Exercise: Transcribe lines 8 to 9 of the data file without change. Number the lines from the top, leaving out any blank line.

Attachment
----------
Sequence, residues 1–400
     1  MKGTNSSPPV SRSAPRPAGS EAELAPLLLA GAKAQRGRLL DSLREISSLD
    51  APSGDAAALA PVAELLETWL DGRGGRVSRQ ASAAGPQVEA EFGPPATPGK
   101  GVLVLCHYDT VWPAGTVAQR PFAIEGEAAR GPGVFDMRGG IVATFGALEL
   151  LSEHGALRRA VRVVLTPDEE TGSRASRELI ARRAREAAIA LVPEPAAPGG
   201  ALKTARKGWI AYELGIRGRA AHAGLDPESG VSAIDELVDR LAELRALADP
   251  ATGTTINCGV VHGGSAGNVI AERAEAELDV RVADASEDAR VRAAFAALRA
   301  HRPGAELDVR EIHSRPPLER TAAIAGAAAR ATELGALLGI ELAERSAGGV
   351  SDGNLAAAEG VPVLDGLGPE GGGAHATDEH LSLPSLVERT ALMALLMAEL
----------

   301  HRPGAELDVR EIHSRPPLER TAAIAGAAAR ATELGALLGI ELAERSAGGV
   351  SDGNLAAAEG VPVLDGLGPE GGGAHATDEH LSLPSLVERT ALMALLMAEL